Stanisław Lem ‘s “The Futurological Congress” (Kongres futurologiczny, 1971) Adapted for the Screen and Premiered at the 2013 Cannes International Film Festival : “The Congress”
“The Congress” is an live action/animation film by Ari Folman based on the novel “The Futurological Congress” by speculative fiction author Stanislaw Lem. The film was premiered at the 2013 Cannes Film Festival on May 15th.
“Now, the final product has premiered at the 2013 Cannes Film Festival. Inspired by Stanislaw Lem’s “The Futurological Congress”, the film uses the idea that in the future hallucinogenic drugs will be used to replace reality, and Folman takes this thought to make a commentary on cinema and its potential demise at the hands of Hollywood overlords seeking new ways to remain stuck in the past rather than move forward into the future. In many ways The Congress creates a complicated, well worn circle where advancements in technology are being used to maintain a hold on the past rather than propel us into the future. Utilizing both live-action and animation, the film begins with Robin Wright playing herself as an aging actress who’s “not even 45” being offered the last role she’ll ever be offered in Hollywood…and the movie shifts into full-on, psychedelic animation and it’s where Lem’s story plays a much larger role as we jump 20 years into the future, Wright’s contract is up and she’s headed to the Futurological Congress at the Miramount Hotel, located in a “restricted animation zone”.” – Brad Brevet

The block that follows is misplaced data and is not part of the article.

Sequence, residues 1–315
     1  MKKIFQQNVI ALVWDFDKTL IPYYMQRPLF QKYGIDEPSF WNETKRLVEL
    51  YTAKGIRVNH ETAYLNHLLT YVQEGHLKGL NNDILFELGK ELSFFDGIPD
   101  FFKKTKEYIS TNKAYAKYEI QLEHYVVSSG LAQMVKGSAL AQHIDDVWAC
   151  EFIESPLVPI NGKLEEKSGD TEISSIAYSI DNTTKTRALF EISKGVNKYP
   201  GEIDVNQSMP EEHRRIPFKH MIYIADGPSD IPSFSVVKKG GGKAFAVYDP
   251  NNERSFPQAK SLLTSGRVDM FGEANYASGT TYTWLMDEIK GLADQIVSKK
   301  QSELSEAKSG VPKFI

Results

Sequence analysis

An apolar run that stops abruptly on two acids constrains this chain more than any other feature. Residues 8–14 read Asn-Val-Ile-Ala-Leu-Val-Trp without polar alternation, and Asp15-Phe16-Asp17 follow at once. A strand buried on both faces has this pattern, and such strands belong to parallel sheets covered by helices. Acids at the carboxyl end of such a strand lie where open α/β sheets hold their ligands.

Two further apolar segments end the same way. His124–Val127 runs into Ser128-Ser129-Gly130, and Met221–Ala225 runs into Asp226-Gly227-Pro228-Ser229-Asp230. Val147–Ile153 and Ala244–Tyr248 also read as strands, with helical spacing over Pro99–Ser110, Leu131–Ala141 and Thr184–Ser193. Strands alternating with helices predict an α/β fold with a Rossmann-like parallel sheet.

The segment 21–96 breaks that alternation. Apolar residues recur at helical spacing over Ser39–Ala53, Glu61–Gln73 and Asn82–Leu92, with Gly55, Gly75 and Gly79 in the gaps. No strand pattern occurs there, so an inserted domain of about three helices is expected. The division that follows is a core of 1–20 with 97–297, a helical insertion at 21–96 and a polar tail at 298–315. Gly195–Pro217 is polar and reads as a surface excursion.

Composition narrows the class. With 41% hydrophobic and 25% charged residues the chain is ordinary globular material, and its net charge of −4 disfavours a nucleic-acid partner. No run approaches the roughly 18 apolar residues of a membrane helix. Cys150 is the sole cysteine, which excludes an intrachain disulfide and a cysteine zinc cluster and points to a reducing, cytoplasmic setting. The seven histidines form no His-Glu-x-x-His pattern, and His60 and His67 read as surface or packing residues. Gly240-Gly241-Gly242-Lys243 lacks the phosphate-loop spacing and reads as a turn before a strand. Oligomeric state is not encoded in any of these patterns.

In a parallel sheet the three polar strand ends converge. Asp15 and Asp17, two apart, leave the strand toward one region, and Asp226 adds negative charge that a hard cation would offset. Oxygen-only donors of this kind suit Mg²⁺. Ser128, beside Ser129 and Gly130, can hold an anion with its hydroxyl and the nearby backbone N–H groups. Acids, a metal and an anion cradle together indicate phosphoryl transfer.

Directed by Ari Folman ; Writing credits : Stanislaw Lem’s “The Futurological Congress” novel and Ari Folman (adaptation) ; With Robin Wright, Harvey Keitel, Paul Giamatti, Kodi Smit-McPhee, Danny Huston, Jon Hamm, Sami Gayle, Michael Stahl-David, Michael Landes, Aaron Wright, Sarah Shahi.
“One of the most talked about (and seemingly divisive) films of the Cannes Festival so far, Ari Folman’s The Congress is an ambitious, trippy spectacle that mashes up movie-biz satire and future-shock sci-fi to mesmerising, if muddled, effect. Based on Solaris writer Stanislaw Lem’s The Futurological Congress, Folman’s mind-bending take on the source novel really is a film of two halves. The first is a biting yet genuinely funny/moving mockery of Tinseltown’s many shortcomings, addressing issues of ageism, sexism and the threat of new-fangled technology on cinema as we know it. The second is a more direct adaptation of Lem’s story, using hallucinogenic, Yellow Submarine-style visuals to portray a Matrix-like world where a psychedelic utopia covers up a much darker reality.” – Richard Jordan